3.3. Classify and explain the procedures adopted to clients, colleagues and agencies
3.4. Analyse and constructively report on procedures, translations and interpretations
 


Learning Outcomes



Details of Learning Activities

The learning actvities include teacher guided and learner-guided activities. The lectures will explain various aspects of the underlying theories and demonstrate their applicability to translating work practices. These will be followed by learner-guided activities designed to reinforce understanding of the concepts. These concepts will also be reinforced by activities in other language-specific courses.
 


Teaching Schedule

Teaching and Assessments Schedule

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  1. Research the practice and theory of translating and interpreting
  2. Identify the role of the translator
  3. Critique translations

 
 
 
 
 
 
 

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Introduction and overview to:-
  1. Course
  2. Elements
  3. Assessments
  4. Expectations and Criteria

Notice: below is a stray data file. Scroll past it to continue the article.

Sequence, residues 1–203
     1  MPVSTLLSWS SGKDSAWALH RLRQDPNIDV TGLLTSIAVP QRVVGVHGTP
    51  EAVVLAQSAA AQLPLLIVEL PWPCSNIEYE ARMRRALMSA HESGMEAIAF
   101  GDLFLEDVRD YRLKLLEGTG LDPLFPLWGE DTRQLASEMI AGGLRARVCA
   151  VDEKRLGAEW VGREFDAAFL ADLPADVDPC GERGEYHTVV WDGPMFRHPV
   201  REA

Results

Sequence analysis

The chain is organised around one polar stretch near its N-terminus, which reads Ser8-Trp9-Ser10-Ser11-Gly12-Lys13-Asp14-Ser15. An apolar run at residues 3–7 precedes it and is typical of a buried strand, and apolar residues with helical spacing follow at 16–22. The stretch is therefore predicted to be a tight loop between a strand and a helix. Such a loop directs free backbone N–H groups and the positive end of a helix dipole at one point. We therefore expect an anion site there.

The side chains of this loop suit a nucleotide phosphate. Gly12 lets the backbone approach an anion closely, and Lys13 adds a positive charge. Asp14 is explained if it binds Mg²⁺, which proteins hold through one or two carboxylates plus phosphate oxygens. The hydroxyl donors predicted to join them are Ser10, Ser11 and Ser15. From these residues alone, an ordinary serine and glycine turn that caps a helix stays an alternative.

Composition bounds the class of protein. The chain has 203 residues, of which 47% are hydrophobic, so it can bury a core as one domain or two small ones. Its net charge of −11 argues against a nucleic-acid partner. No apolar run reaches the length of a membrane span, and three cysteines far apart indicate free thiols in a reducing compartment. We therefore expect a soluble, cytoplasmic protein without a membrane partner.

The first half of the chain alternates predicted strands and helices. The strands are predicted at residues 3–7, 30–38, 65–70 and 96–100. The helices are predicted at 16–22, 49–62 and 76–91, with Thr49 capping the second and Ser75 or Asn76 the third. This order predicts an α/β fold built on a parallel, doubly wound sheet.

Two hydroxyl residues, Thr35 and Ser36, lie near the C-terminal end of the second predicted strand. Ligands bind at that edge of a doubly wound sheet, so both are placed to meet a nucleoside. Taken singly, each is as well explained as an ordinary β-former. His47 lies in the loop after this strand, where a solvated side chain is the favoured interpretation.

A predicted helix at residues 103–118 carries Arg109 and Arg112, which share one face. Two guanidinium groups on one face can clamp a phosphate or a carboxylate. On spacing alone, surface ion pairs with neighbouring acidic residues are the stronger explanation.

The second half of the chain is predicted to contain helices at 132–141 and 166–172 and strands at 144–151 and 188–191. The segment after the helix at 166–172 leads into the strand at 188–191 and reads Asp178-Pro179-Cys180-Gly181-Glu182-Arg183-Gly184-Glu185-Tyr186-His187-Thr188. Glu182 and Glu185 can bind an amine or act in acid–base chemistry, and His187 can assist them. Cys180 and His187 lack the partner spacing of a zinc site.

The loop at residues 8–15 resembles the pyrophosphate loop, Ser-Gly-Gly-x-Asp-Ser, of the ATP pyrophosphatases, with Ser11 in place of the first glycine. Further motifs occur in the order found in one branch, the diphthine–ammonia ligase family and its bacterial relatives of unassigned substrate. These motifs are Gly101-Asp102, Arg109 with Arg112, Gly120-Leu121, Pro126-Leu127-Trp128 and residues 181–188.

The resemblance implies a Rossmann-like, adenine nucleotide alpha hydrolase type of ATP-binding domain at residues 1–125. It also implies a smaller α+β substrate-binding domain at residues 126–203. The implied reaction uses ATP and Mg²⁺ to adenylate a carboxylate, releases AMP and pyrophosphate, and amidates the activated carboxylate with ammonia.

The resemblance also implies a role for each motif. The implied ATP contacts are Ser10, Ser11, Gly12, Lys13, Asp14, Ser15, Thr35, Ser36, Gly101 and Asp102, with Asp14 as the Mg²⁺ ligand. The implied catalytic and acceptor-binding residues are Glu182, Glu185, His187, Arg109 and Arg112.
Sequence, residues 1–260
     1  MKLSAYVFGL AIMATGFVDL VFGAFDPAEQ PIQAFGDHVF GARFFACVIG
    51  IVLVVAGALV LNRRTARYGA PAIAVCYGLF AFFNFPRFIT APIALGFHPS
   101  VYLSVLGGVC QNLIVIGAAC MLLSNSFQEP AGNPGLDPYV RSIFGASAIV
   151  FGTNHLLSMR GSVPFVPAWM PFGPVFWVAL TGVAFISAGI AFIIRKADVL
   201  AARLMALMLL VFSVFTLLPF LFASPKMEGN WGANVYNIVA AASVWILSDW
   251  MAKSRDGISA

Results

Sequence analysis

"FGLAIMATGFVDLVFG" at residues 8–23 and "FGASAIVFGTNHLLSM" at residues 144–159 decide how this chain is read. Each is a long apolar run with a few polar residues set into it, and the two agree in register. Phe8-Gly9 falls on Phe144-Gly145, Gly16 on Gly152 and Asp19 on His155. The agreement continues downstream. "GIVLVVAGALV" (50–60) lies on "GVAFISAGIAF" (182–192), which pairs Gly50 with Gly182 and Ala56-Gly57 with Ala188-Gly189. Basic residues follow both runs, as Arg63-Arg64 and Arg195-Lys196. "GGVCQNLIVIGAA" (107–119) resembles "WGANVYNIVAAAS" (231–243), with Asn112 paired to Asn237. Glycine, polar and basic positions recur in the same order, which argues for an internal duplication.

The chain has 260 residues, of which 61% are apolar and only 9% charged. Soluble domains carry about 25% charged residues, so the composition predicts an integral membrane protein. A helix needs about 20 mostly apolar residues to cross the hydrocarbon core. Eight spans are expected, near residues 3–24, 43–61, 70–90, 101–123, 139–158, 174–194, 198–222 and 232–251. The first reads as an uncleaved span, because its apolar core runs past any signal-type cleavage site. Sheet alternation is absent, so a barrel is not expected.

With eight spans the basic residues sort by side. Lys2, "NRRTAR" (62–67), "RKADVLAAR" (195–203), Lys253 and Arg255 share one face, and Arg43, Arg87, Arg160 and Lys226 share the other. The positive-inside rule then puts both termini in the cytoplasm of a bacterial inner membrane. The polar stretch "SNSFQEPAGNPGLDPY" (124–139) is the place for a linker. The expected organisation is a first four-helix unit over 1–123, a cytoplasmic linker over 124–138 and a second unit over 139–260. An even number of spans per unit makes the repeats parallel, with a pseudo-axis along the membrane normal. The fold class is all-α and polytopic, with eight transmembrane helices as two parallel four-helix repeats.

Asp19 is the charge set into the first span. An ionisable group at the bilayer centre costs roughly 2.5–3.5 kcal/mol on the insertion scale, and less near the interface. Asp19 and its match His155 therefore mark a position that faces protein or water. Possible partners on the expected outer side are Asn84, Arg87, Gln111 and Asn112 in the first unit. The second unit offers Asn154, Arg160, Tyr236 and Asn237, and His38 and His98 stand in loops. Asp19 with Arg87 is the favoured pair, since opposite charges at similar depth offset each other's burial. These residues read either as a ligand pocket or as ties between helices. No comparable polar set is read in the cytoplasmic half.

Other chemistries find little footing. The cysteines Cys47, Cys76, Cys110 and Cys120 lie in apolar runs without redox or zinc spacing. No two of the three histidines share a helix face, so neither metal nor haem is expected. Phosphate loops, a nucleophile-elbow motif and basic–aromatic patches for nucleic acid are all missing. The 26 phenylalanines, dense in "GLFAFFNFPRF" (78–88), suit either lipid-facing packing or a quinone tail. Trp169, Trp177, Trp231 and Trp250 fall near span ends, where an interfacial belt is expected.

5. Definition of basic terms
Distribution of Readings for AT1 (on Blackboard only

Introduction to the concepts of:-

  1. non-equivalence of meaning
  2. the levels of non-equivalence
 
 AT1 – In class Quiz based on a relevant reading/chapter/paper. 
Introduction to non-equivalence at the word level
  1. the reasons why non-equivalence occurs
 
 Non-equivalence at the word level
  1. strategies for dealing with non-equivalence at word level
  2. Further discussions
 AT2: Written assignment
Due Date: Class 7
 
  1. Introduction to non-equivalence above the word level, including dealing with collocations.
     
 
  1. Introduction to non-equivalence above the word level, including dealing with idioms, fixed expressions and sayings.
  2. In-class discussion of dealing with non-equivalence above the word level
 Submission of AT2
 AT3 – In class Quiz/Test 


Learning Resources

Prescribed Texts


References


Other Resources

The unit is supported online using Blackboard. The Blackboard gives access to important announcements, staff contacts details, the teaching schedule, assessment timelines and a variety of important teaching and learning materials. Access to Blackboard can be found at myRMIT www.rmit.edu.au/myrmit
 


Overview of Assessment

Assessment will be ongoing during the semester, and you will receive feedback on your progress. You will undertake a variety of assessment tasks and activities to assess your level of competence against key elements and performance criteria.